March 16: The Underwater Menace Episodes 3 & 4

So episode 3 of The Underwater Menace is one of those episodes that the BBC always retained, which means that for the longest time this was the main impression people had of this story.  Out of the context of the rest of the serial, episode 3 is a weird affair, with bizarre moments interspersed with the children's television version of melodrama.  In context it's still a strange episode, but at least it makes a little more sense following on from episode 2.

The Fish People listen to Sean and Jacko's exhortation to go on
strike. (The Underwater Menace Episode 3) ©BBC
Actually, for the first few minutes this is still quite good, as Zaroff enters and orders that the Doctor and Ramo be killed.  There's a sense of real tension, and a lovely moment as Thous, having been told by the Doctor that Zaroff's eyes have an insane light when he talks about raising Atlantis, looks intently into Zaroff's eyes: "What are you staring at?" Zaroff demands.  "Nothing at all," Thous replies, but you can tell he's worried.

But once the Doctor announces his intention to kidnap Professor Zaroff, the episode goes to pot.  There's a ludicrous chase through an Atlantean bazaar as the Doctor runs around half-disguised to try and lure Zaroff away so they can kidnap him, which ends in the Doctor blowing some sort of powder through his recorder into Zaroff's face.  Meanwhile Sean and Jacko, two of the miners that Ben and Jamie befriended, convince the Fish People to go on strike, thus providing more chaos in Atlantis as the food supplies run out.  The Fish People are actually a rather good design (although the different "stages" of Fish People are a little odd, as some appear to be wearing diving masks rather than having fish eyes), but then we're treated to a long sequence of Fish People floating through the water, accompanied by a soundtrack that seems to presage the more experimental scores of the early '70s.  Again, it's actually quite an impressive-looking sequence (and allegedly was so expensive to film that it's the reason why episode 3 was never junked) -- it just has nothing to do with the ongoing storyline.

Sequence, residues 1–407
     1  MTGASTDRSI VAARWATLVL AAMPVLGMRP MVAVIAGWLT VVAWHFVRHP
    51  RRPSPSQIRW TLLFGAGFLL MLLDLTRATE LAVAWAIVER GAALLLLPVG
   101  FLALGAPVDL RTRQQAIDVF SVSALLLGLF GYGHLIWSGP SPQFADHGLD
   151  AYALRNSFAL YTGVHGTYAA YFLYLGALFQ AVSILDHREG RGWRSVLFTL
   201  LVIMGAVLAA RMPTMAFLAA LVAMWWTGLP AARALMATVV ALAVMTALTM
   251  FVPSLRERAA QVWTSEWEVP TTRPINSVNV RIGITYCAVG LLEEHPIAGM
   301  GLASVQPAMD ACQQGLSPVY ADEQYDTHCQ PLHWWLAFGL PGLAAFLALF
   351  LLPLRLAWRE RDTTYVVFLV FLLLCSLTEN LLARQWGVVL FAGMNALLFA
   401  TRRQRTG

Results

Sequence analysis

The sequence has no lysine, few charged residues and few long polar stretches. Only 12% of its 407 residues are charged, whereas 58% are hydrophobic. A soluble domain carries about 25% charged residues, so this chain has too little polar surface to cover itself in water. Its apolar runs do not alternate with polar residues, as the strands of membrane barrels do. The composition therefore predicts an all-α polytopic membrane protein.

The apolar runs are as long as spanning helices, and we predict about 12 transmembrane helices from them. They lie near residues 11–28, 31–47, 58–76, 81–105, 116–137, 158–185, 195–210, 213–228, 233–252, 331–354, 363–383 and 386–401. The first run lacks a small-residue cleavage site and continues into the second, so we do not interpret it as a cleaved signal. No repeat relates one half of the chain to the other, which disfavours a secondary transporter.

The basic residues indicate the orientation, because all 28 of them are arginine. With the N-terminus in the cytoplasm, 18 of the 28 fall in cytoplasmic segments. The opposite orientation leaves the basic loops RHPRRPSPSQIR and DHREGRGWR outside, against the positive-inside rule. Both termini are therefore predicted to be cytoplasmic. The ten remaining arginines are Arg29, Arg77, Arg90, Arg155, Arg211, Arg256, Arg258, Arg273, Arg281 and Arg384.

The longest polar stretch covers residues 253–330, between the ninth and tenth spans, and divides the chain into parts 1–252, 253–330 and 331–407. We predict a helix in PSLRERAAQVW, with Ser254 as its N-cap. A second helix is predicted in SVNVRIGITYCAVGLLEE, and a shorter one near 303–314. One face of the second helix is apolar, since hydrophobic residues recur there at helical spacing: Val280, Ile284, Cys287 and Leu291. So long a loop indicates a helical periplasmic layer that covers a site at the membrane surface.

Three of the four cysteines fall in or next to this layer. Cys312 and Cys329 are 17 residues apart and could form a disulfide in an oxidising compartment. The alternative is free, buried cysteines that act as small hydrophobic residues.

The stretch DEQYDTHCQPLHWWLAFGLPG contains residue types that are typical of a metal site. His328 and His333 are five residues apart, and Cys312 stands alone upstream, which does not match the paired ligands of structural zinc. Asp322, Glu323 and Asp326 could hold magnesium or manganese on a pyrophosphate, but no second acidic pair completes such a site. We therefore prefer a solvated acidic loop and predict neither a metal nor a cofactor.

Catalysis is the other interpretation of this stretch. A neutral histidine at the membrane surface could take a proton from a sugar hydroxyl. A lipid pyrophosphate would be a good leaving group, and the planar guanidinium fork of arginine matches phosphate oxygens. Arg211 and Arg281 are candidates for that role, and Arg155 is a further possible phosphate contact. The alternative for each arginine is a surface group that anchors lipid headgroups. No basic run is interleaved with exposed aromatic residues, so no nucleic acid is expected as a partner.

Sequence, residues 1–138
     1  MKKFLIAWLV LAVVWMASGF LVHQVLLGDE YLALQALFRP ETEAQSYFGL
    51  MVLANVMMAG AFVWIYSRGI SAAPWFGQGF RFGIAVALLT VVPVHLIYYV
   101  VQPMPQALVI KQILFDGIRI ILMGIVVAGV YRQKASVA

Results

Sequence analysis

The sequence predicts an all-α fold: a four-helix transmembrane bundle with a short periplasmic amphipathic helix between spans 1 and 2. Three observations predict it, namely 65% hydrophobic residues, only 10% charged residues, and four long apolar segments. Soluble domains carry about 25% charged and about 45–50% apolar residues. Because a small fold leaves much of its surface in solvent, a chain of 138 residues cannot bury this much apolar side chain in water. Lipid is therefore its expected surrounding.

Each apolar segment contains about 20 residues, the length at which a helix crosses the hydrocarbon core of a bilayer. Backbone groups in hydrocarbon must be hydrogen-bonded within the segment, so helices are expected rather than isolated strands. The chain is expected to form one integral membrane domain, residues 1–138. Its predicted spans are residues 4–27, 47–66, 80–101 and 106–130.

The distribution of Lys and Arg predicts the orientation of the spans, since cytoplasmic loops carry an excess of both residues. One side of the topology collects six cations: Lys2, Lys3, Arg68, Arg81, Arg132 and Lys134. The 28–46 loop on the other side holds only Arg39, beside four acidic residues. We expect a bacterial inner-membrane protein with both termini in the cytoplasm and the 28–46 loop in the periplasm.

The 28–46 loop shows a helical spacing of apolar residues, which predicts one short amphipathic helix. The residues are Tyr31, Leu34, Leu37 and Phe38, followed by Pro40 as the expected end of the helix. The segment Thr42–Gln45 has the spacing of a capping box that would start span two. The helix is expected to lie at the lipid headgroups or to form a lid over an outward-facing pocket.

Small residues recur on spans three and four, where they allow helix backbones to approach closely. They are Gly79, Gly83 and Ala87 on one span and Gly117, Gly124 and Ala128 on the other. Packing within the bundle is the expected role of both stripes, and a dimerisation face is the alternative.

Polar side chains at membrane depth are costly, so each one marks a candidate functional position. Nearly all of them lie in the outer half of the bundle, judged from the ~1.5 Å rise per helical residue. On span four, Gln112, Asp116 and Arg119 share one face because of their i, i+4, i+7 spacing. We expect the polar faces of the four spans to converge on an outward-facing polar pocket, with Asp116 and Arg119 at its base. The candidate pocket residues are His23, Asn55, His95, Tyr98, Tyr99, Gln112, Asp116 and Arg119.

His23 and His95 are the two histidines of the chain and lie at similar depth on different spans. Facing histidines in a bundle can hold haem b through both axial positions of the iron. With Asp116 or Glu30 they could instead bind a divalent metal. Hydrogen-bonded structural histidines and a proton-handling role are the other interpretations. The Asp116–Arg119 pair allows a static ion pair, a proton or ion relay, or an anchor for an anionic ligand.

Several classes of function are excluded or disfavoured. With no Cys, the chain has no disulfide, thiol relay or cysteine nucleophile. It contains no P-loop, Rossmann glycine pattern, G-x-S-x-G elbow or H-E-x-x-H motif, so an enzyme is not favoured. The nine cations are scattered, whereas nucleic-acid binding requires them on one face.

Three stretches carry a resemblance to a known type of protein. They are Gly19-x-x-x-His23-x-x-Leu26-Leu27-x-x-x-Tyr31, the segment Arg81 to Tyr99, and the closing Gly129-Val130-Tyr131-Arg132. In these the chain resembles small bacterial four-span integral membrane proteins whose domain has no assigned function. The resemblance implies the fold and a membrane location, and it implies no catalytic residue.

Underwater Menace
Episode 3) ©BBC
But then Zaroff escapes by faking a heart attack and decides to take over Atlantis completely, shooting down Thous in his throne room.  This then leads to one of the most famous lines in Doctor Who fandom, as an exultant Zaroff shouts, "Nothing in the world can stop me now!!!"32  (The reprise of this line in episode 4 is a little less over-the-top.)  One does wonder if Zaroff is feeling all right, given that all he's done is escape from the Doctor's friends and shot Atlantis's beloved leader, but I guess the rush of adrenaline from his fight with Jamie has gone to his head.

Episode 4 is back to the soundtrack and telesnaps, which is a shame since it seems like, after episode 3's efforts to mark time in as outrageous a way as possible, this is concerned with actually wrapping up the storyline.  One does wonder about the Doctor's plan to destroy Atlantis by letting the sea in as a means of stopping Zaroff, which seems a bit like overkill, but desperate times and all that, I suppose.   Even this doesn't seem to slow down Zaroff though, and it's only a bit of trickery from the Doctor and Ben that prevents him from getting to the controls to detonate the explosion that will end the world.  He's still trying until the very end, when he drowns from all the water rushing into Atlantis.  The Doctor, to his credit, does actually try to go back and save Zaroff, but Ben won't let him on account of the rapidly-rising sea.  And thus the world is saved.

Make no mistake: The Underwater Menace is frequently silly and has little in the way of nuance or subtlety.  But because it made it clear from the onset that it was going to be a cheesy old-style film serial, I find that I don't mind it as much as The Highlanders.  That too ended up being a silly and unthreatening romp, but it looked like it might become something more serious; there are no such illusions about The Underwater Menace.  It's set in a stagey-looking Atlantis because that's how these things go, and Zaroff wants to destroy the world simply because he's a mad scientist, with no further explanations necessary.  But crucially, it manages to be entertaining throughout; Jamie is settling in naturally, Ben and Polly are giving fun performances, and the Doctor is becoming the figure we're familiar with from later stories -- and even his awful disguise in episode 3 feels more "right" than the disguises he wore in The Highlanders.  It shouldn't be taken too seriously, and I'm not sure you'd ever want another story like this again, but in its own decidedly B-movie way The Underwater Menace succeeds.

32 Personal anecdote time: when I first started dating my now-wife, I changed the start-up sound on her computer to this line, so every time she turned on her computer Joseph Furst yelled triumphantly at her.